This Year’s Tobacco Crop Starts Now

Posted On February 19, 2024— Written By and last updated by
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Summer fields full of tobacco are a familiar sight for those who have grown up in the Sandhills region. However, some folks who are newer to the area may not be aware of how these tobacco plants get their start. Tobacco is a unique “row crop”, in that unlike corn, soybeans or cotton, it is actually started from seed in a greenhouse and transplanted into the field as a small plant. Below, I have provided an overview of the steps involved in getting that tobacco transplant ready to go into the field.

By this time, tobacco seed varieties have been selected and the beginning of a new crop is starting to emerge. Tobacco transplants are started in a float tray as a small seed in the greenhouse where it takes about 60 days for a seed to go from smaller than the tip of a pen to a suitable transplant. Before the seeds are introduced to the greenhouse, the float water is tested to make sure it has suitable levels of nutrients. Fertilizer is applied based on lab recommendations and the trays are cleaned by using steam to kill any harmful pathogens. Once the sterilization process is complete, tobacco farmers sow seeds into a growing medium during sunny days and control the temperature of their greenhouses to promote uniform germination.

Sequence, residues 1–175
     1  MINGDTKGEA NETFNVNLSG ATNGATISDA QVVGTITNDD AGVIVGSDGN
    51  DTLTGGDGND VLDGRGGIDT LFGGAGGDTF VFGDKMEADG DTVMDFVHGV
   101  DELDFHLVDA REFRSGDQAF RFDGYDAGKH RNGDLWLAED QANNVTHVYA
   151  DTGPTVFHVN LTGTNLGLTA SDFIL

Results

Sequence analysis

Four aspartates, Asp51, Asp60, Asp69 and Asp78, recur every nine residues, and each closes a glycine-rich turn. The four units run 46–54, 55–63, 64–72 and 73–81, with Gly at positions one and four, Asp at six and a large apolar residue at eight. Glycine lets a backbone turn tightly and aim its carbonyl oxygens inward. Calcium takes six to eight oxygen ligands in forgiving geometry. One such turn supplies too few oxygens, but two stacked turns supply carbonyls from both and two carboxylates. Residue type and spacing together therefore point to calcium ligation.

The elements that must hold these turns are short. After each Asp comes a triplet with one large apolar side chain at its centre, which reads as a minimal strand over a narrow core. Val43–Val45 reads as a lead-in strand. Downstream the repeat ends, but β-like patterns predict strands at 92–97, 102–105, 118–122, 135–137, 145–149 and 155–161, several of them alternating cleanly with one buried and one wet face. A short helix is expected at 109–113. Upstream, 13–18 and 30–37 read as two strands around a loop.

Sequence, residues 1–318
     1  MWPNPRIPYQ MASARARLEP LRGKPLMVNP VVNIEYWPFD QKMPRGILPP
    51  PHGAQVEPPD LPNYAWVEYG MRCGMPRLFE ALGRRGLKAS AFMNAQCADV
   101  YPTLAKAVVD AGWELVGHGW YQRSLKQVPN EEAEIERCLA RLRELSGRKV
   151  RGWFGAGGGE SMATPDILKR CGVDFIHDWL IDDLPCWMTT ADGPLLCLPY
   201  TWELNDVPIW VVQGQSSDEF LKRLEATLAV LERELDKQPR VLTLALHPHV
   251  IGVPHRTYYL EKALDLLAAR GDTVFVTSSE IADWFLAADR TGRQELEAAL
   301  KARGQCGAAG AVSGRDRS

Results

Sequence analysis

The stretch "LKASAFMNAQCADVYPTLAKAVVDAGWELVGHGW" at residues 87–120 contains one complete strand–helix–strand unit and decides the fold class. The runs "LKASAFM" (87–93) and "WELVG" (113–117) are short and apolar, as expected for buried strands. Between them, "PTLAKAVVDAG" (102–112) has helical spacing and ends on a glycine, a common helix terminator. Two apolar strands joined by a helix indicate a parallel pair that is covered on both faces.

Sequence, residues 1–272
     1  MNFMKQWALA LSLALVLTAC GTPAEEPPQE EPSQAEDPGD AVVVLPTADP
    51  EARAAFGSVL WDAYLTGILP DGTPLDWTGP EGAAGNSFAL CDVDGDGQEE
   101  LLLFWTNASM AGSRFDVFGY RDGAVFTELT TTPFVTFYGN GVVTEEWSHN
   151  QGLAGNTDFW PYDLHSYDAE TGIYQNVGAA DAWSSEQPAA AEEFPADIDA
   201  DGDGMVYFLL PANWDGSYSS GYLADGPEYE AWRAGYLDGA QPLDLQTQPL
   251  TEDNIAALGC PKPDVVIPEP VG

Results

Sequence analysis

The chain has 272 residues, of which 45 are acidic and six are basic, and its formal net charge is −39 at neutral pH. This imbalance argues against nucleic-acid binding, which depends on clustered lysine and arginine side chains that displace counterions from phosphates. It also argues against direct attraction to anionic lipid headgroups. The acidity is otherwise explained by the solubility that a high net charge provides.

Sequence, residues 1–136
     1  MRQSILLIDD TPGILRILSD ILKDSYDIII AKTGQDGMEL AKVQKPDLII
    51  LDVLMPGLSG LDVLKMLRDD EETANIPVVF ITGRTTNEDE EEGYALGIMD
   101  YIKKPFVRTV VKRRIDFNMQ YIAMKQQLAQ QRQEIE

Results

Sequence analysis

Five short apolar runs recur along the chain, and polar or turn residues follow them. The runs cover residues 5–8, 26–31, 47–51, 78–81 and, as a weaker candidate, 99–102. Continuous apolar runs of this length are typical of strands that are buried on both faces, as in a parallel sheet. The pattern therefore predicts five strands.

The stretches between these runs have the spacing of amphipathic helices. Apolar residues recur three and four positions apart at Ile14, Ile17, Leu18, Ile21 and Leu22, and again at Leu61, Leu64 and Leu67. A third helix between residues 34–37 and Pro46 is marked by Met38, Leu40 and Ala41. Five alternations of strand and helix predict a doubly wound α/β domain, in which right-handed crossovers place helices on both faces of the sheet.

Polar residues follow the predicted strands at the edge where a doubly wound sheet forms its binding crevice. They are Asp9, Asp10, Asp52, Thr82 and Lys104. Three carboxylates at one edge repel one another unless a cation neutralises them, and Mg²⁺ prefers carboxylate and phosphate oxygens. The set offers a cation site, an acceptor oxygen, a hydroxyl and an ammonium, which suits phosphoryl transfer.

Nighttime temperatures in the greenhouse are regulated between 68 and 70 degrees with daytime temperatures fluctuating between 68 and 86 degrees. It is important for the temperatures not to drop too rapidly at night due to the risk of cold injury on these young and tender plants. As the plants grow, they are clipped by using mowers to achieve stem uniformity and transplant hardiness. The clipped material is then removed in an effort to decrease the chances of collar rot and other potential diseases. After about two months in the greenhouse, the plants are large and hearty enough to be transplanted into the field. 

This is a brief overview of what tobacco farmers are up to this time of year as they prepare for another busy growing season. If you have any questions or would like to learn more give me a call at North Carolina Cooperative Extension- Lee County Center at 919-775-5624. 

Jared Butler is the Agriculture Agent for North Carolina Cooperative Extension in Lee County.